Ukraine’s embattled president offers PM post to opposition
Protesters to be considered ‘extremists’ if they refuse to leave central Kiev
Ukrainian President Viktor Yanukovych (2-L) speaks with opposition leaders Arseniy Yatsenyuk (3-R), Vitali Klitschko (2-R) and Oleh Tyagnybok (R) during a meeting in Kiev, Ukraine. Photograph: Mykhailo Markiv/Epa/Pool
A man reacts at a barricade near the site of clashes between anti-government protesters and riot police in Kiev. Photograph: David Mdzinarishvili/Reuters
Ukrainian president Viktor Yanukovich has offered top government posts to two liberal opposition leaders in a bid to quell protests that are growing larger and more radical by the day.
He proposed to appoint Arseniy Yatsenyuk as prime minister and former world heavyweight boxing champion Vitali Klitschko as deputy premier, and to dismiss the current cabinet if they accepted.
“The president is convinced that joint work together with the opposition will help the state unite and carry out the necessary reforms,” said justice minister Olena Lukash.
Mr Yanukovich also expressed willingness to consider changes to the constitution, which currently gives him huge power, and to free some of those arrested during demonstrations and amend sweeping anti-protest laws.
They are the biggest concessions to be offered to the opposition during two months of protests, but are unlikely to resolve a rapidly escalating crisis.
Over the last week - when as many as five protesters died in clashes with riot police - mainstream party leaders have been shown to have little control over more radical demonstrators who want to oust Mr Yanukovich and overhaul the entire political system.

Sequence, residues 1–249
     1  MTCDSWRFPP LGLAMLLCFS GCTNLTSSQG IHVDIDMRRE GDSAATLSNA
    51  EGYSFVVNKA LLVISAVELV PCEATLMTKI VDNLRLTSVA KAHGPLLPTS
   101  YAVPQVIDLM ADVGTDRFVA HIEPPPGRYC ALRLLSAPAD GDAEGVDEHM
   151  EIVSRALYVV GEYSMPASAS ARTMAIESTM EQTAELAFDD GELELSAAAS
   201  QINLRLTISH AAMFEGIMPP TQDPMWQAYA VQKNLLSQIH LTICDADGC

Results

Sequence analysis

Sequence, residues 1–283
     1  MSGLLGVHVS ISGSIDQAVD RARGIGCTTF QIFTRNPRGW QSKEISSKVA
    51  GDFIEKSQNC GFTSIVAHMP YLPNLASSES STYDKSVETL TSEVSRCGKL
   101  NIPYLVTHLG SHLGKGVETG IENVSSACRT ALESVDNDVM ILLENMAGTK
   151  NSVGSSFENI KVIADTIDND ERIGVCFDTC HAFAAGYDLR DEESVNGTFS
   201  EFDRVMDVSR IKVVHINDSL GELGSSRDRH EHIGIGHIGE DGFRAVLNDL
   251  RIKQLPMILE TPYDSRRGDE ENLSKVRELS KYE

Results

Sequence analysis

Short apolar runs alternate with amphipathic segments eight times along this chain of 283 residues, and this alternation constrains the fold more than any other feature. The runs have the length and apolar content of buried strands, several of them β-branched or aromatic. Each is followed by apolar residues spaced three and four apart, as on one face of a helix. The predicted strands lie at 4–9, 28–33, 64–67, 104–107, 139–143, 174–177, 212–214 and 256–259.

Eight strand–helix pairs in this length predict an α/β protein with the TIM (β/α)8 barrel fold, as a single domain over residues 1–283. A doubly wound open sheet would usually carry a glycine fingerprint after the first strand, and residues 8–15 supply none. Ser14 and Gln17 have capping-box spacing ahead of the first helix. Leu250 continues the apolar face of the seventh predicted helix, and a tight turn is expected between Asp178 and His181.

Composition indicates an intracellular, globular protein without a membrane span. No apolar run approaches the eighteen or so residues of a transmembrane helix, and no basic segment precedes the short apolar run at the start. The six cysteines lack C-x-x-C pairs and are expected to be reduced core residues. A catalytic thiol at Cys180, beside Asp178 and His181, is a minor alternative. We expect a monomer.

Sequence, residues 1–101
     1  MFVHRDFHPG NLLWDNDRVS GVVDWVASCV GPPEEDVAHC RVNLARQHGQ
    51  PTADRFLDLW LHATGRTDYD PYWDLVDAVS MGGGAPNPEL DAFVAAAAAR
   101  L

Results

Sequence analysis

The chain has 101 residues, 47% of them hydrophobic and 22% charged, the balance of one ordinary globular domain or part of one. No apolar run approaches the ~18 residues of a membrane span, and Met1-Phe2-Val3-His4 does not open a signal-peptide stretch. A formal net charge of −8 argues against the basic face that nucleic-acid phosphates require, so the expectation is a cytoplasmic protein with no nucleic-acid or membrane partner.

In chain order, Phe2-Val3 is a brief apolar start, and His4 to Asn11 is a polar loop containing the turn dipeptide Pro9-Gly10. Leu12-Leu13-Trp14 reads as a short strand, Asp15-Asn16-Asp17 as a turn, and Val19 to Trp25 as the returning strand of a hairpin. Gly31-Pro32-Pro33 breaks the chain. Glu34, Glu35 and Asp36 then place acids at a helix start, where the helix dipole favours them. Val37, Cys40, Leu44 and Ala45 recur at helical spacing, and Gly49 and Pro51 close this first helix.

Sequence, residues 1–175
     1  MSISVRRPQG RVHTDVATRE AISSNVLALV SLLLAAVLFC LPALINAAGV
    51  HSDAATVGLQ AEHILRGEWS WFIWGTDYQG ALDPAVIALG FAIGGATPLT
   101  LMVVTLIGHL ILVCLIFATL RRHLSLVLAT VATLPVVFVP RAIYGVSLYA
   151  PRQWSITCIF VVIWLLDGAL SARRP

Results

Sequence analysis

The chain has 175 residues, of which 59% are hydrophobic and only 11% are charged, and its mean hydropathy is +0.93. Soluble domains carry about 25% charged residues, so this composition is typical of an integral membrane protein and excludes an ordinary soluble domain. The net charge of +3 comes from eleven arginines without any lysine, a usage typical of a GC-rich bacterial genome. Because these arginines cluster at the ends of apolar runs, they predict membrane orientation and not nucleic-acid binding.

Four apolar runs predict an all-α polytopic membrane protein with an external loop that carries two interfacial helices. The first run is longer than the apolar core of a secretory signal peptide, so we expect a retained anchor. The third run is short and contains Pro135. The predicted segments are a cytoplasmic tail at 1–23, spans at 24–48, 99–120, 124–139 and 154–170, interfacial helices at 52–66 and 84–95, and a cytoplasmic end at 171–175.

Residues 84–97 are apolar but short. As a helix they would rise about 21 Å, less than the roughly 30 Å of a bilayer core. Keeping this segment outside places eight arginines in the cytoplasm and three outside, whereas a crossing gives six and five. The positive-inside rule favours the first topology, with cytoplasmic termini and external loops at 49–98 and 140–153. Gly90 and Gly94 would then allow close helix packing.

This group - which is largely disdainful of Ukraine’s whole political elite - is playing an ever greater role in protests on Kiev’s Independence Square, in other cities around Ukraine, and in confrontations with the security forces. They have also gained control of two buildings that house government ministries.
Many protesters say talks are pointless and claim Mr Yanukovich is just playing for time and trying to split the very broad and sometimes fractious opposition movement.
Earlier on Saturday, Interior Minister Vitali Zakharchenko said peaceful efforts to resolve the crisis had proved “futile”, and told protesters they would be treated as extremists and could be dispersed by security forces if they stayed on the streets of Kiev.
“Talks between police and protest leaders and opposition deputies, which continued through the night, gave no result. They are already unable to influence radical groups which control the occupied buildings and organise acts of violence,” he added.
Mr Zakharchenko also said police believe firearms are being stockpiled in Kiev city hall and a trade union building occupied by protesters next to Independence Square, known locally as Maidan.
“The international community should not close its eyes to these events, which include a high degree of extremist activity,” he added. “Opposition leaders do not disassociate themselves from radical forces, but they are unable to control them, and they are a danger to Ukrainian citizens.”